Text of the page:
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American bohemia is alive and well and redefining the way all of us live, love, and work: so declares Ann Powers in an invigorating blend of criticism, journalism, and autobiography that takes us into the heart of alternative America today. Powers, one of the nation's most notable music critics, explores how the generation that inherited the counterculture assumptions of the sixties is transforming youthful rebellion into a sustainable alternative style of living—creating a new bohemia with dynamic citizens who are reinventing shared values from the ground up. Through stories from her own life and those of her comrades—artists, writers, entrepreneurs, queers, and cyber-outlaws—Powers traces the evolution of this world and celebrates those who keep bohemia thriving from coast to coast.
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In a thoughtful mixture of autobiography, journalism, and cultural criticism, Ann Powers examines how "bohemian" culture--which many consider dead and buried--has seeped into the American mainstream. While writing extensively about her own trajectory from communal living and a dead-end record-store job in San Francisco to cohabital bliss and a staff position as a rock critic for The New York Times, Powers also takes great care to include the perspectives of her peers, even when their impressions clash violently with her own. In doing so, she turns Weird Like Us into a frontline analysis of how the members of (dare we say it?) Generation X try to find significance and purpose in their lives.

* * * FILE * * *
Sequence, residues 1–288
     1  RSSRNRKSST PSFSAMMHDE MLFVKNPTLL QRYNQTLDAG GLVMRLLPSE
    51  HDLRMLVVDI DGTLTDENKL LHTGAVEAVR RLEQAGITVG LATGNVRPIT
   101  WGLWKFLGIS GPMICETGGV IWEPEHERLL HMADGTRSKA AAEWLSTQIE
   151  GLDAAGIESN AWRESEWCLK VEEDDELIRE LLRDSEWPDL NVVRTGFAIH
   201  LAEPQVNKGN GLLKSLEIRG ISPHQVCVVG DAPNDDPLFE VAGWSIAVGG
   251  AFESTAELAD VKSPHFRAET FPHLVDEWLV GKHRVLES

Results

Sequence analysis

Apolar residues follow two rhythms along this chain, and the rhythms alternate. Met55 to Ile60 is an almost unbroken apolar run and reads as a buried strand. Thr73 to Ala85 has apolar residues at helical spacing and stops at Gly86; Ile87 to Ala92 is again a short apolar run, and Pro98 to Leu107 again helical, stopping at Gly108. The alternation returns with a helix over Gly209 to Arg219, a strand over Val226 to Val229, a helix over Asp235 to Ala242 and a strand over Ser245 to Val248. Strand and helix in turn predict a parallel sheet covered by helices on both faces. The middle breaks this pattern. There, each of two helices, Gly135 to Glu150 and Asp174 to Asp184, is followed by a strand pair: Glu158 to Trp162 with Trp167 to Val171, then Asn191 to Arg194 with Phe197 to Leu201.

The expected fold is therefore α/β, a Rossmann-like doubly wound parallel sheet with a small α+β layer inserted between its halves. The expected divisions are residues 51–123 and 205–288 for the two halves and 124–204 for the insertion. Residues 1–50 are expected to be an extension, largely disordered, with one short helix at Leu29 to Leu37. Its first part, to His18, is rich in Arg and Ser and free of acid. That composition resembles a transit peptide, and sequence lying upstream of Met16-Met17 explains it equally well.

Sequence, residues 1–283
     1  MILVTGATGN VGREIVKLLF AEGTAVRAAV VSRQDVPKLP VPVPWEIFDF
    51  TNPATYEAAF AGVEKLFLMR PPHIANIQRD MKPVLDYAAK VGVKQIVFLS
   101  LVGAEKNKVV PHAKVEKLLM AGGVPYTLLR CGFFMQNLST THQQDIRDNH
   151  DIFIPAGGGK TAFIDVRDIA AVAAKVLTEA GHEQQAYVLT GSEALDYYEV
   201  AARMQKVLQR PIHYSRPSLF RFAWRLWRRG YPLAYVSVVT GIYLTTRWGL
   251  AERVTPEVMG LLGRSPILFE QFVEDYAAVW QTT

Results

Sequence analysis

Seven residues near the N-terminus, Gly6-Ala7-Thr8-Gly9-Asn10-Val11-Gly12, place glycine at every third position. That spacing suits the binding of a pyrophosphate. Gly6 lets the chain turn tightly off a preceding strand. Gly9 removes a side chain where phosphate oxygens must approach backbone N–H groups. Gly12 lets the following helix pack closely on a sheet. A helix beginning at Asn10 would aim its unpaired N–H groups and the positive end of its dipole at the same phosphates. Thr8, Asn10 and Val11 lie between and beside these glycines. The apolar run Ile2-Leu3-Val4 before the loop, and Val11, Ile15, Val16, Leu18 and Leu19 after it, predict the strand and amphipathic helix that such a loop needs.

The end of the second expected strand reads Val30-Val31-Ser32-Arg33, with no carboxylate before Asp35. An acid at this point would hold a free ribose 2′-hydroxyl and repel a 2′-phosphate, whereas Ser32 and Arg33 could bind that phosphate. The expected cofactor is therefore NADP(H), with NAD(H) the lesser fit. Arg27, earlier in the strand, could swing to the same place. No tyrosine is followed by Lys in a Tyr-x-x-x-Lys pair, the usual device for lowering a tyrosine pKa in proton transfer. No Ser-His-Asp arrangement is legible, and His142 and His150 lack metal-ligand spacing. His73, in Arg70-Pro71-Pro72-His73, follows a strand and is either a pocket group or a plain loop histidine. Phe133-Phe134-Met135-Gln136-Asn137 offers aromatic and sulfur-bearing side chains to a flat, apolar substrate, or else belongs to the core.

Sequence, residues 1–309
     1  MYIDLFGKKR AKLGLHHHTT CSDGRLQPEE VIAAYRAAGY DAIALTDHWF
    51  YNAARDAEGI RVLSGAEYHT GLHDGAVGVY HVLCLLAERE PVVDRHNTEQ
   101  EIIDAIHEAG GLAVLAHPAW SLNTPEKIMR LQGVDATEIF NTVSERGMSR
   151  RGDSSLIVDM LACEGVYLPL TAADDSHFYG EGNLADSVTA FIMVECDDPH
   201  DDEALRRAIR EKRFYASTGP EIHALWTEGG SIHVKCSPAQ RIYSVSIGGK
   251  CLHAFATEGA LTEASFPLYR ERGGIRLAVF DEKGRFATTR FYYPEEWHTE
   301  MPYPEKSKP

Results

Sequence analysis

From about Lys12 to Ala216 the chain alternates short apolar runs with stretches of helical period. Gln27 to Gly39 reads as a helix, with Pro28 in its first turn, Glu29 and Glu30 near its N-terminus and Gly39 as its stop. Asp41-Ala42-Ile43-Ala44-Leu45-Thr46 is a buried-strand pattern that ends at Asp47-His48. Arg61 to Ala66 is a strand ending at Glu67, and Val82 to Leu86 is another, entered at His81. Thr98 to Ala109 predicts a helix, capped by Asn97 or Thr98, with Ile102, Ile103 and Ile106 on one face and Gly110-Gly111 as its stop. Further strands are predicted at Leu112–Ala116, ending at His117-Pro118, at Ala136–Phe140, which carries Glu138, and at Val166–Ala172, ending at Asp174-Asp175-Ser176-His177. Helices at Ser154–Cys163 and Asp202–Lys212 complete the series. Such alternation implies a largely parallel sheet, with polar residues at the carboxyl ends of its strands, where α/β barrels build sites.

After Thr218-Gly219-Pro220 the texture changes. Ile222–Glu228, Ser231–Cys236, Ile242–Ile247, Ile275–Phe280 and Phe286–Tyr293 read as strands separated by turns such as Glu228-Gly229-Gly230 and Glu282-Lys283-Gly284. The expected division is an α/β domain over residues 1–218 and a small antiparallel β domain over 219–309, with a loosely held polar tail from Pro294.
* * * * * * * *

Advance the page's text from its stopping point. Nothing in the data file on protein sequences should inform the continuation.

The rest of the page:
"It's hard to shock most Americans," Powers notes in a chapter on the shifts in sexual politics and culture. "But it's hard to engage them, too." Weird Like Us shows how this applies to many other aspects of social life besides sex: experimentation and variance have become increasingly normal in everything from drug use to pop-music styles, but with little or no conscious reflection on their consequences. Without that self-awareness, "alternative culture" risks becoming nothing more than an empty pose. "For too long we have united only within a culture of rebellion. What we need to refuse is the negativity that comes from always defining ourselves against a society we can't help but live within." For Powers, acknowledging and accepting one's position within mainstream culture isn't an act of "selling out," but an opportunity to act, in an individual capacity, as an agent for social change, an example of a good life worth living. Weird Like Us demonstrates that you don't have to be a cultural conservative to believe in "values," and Powers's emphasis on integrity, respect, and self-consciousness adds a new and inspiring voice to progressive cultural criticism. --Ron HoganAbout the Author:
Ann Powers writes about music and culture for the New York Times. Her work has appeared in major music publications including Spin, Rolling Stone, and Vibe, and she is the coeditor of Rock She Wrote: Women Write About Rock, Pop, and Rap. She lives in Brooklyn, New York.
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